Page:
Tuesday, March 6, 2012
The Blue Planet's New Water Budget: Do We Have Enough?
Researchers have examined 3.8 billion year old minerals from Greenland which are derived from the Earth’s primordial oceans in order to approximate the ancient water budget. (Credit: Image courtesy of University of Copenhagen)
Investigating the history of water on Earth is critical to understanding the planet's climate. One central question is whether Earth has always had the same amount of water on and surrounding it, the same so-called "water budget." Has Earth gained or lost water from comets and meteorites? Has water been lost into space? New research into Earth's primordial oceans conducted by researchers at the Natural History Museum of Denmark at the University of Copenhagen and Stanford University revisits Earth's historical water budget.
The results have just been published in the Proceedings of the National Academy of Sciences.
Water accounts for about ½ of a thousandth of Earth's total mass, despite the fact that roughly 70% of the planet's surface is covered by this substance so vital to survival. Indeed, water is a relatively "rare substance" on our "Blue Planet."
Where does water come from?
"One of the absolutely most intriguing things about Earth is that there are oceans of water and that the presence of liquid water has enabled the existence of life on Earth. Therefore, questions concerning how Earth got its oceans, where the water came from and -- whether we are losing or gaining water from space -- are fundamental questions in the understanding of the Earth's history," says Emily Pope of the Nordic Center for Earth Evolution at the Natural History Museum of Denmark, University of Copenhagen.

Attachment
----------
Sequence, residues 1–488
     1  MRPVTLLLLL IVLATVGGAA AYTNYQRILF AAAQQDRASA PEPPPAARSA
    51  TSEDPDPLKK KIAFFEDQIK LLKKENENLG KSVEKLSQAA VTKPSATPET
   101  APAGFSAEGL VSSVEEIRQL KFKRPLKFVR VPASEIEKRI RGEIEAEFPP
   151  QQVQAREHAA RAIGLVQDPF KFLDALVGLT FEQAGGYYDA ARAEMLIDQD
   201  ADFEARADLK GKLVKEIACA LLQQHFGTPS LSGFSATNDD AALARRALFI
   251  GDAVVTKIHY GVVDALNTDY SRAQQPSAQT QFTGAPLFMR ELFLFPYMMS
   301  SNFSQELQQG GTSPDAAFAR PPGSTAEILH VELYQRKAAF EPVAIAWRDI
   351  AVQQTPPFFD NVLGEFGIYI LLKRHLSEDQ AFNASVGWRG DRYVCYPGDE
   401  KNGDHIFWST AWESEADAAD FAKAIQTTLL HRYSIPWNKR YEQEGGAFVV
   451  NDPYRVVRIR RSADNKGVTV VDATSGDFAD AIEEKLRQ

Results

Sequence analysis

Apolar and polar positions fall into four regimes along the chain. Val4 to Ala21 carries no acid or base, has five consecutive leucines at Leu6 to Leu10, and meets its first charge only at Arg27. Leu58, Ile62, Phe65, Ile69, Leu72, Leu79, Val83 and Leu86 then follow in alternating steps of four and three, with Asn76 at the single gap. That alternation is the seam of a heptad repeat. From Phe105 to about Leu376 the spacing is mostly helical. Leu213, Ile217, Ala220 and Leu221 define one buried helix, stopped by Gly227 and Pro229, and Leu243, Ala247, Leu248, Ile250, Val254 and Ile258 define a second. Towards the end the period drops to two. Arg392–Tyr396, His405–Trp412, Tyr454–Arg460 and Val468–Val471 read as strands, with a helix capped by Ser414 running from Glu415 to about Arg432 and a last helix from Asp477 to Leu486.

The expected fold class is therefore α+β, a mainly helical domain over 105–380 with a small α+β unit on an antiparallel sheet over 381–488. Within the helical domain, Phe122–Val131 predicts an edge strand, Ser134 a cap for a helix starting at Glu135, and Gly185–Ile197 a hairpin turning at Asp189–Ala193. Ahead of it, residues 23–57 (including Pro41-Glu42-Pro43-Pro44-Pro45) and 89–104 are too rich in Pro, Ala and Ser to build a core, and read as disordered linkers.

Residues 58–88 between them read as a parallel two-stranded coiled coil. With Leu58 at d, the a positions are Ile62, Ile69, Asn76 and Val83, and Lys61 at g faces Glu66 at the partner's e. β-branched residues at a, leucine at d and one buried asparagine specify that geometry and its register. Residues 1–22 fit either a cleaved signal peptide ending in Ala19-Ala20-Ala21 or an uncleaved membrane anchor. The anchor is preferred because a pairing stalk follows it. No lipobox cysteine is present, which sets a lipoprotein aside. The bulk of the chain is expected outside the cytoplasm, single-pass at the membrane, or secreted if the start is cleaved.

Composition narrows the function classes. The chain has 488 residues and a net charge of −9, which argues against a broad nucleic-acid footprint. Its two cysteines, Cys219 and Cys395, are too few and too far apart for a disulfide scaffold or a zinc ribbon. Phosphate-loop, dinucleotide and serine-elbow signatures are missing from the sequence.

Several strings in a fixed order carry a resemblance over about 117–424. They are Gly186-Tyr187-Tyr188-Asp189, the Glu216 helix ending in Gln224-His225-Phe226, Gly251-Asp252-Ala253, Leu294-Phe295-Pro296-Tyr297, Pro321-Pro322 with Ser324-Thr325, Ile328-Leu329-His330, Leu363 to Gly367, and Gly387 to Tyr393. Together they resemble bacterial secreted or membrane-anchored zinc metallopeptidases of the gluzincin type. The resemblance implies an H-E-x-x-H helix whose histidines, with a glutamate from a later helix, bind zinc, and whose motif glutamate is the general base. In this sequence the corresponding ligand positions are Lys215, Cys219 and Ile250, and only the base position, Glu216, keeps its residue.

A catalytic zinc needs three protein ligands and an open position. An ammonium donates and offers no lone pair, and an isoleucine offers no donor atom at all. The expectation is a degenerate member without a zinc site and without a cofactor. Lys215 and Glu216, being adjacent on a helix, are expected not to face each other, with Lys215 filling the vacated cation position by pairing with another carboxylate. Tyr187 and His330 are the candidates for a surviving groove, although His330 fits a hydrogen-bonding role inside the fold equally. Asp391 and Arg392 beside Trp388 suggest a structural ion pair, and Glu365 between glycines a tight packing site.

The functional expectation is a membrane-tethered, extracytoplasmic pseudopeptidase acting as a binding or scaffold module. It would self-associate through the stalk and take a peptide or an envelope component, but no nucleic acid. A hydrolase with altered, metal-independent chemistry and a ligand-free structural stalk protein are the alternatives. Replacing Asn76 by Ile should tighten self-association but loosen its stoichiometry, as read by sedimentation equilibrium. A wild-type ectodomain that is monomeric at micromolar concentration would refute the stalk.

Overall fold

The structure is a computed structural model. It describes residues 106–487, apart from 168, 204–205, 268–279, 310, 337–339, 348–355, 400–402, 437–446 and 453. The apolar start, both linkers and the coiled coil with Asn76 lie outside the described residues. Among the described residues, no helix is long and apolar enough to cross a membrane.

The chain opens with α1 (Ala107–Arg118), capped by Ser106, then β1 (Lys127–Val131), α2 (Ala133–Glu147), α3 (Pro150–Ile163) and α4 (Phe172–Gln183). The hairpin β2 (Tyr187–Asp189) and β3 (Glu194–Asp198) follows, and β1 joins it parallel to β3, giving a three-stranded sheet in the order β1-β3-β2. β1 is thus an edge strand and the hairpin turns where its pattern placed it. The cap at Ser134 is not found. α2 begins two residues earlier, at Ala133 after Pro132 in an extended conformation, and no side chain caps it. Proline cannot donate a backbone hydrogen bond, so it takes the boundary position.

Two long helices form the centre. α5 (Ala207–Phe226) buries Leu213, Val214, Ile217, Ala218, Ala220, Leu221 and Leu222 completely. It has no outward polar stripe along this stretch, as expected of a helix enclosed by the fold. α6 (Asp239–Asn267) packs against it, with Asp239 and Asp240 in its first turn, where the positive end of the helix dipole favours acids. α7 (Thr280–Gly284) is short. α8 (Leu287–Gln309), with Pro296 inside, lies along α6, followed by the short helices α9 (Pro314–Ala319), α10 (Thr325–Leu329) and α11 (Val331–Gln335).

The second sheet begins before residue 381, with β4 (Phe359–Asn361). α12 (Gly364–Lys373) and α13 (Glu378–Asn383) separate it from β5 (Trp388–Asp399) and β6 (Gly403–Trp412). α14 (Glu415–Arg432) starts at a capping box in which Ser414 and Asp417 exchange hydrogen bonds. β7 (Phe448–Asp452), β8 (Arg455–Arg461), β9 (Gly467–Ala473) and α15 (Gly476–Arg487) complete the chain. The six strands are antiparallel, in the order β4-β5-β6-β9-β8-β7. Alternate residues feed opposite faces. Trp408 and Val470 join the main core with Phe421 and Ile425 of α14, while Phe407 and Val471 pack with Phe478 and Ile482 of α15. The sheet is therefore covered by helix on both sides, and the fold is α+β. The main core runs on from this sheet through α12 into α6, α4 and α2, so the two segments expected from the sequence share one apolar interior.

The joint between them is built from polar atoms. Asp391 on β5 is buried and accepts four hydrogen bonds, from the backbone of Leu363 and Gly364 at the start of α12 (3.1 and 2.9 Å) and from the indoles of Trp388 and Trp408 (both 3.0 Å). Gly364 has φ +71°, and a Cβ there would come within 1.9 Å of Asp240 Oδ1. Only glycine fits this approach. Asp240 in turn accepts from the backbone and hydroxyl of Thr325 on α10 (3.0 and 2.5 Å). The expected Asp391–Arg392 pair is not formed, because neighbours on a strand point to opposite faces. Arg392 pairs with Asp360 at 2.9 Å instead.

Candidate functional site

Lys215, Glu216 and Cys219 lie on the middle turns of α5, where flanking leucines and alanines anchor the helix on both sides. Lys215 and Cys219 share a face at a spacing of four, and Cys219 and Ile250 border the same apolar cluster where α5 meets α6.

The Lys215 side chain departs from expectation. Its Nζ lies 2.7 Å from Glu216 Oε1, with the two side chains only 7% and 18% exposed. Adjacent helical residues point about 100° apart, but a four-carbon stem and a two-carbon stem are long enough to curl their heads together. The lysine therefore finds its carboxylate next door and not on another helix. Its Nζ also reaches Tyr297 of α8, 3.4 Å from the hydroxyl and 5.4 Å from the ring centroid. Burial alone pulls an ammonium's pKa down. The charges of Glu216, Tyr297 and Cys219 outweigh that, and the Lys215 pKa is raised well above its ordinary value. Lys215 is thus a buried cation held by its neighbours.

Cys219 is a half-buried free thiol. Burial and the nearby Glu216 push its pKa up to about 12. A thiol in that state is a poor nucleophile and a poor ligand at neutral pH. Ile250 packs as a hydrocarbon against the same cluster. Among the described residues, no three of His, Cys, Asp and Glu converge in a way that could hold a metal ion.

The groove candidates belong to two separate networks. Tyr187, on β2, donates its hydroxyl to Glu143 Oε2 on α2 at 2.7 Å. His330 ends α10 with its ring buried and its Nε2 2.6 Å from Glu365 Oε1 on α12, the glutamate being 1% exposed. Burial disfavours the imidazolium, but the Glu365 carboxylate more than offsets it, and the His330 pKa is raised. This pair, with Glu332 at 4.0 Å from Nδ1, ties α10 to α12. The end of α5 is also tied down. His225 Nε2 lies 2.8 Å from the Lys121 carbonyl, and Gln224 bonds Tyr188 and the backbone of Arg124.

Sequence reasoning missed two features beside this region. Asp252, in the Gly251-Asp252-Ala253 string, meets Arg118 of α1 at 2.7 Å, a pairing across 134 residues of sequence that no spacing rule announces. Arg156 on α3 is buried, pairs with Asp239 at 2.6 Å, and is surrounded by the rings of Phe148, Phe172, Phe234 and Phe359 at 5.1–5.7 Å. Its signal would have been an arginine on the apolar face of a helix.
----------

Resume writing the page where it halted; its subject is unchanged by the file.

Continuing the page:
Earth's "little bit" of water is divided among a variety of reservoirs. Therefore, a fairly accurate assessment of how much water currently exists on Earth can be made. But now, Emily Pope and her colleagues at the Natural History Museum of Denmark and Stanford University have also been able to determine that liquid water was also in existence upon the young Earth, billions of years ago. And, more consequentially, they have been able to approximate the ancient water budget.
The researchers have done this by examining 3.8 billion year old minerals from Greenland which are derived from Earth's primordial oceans.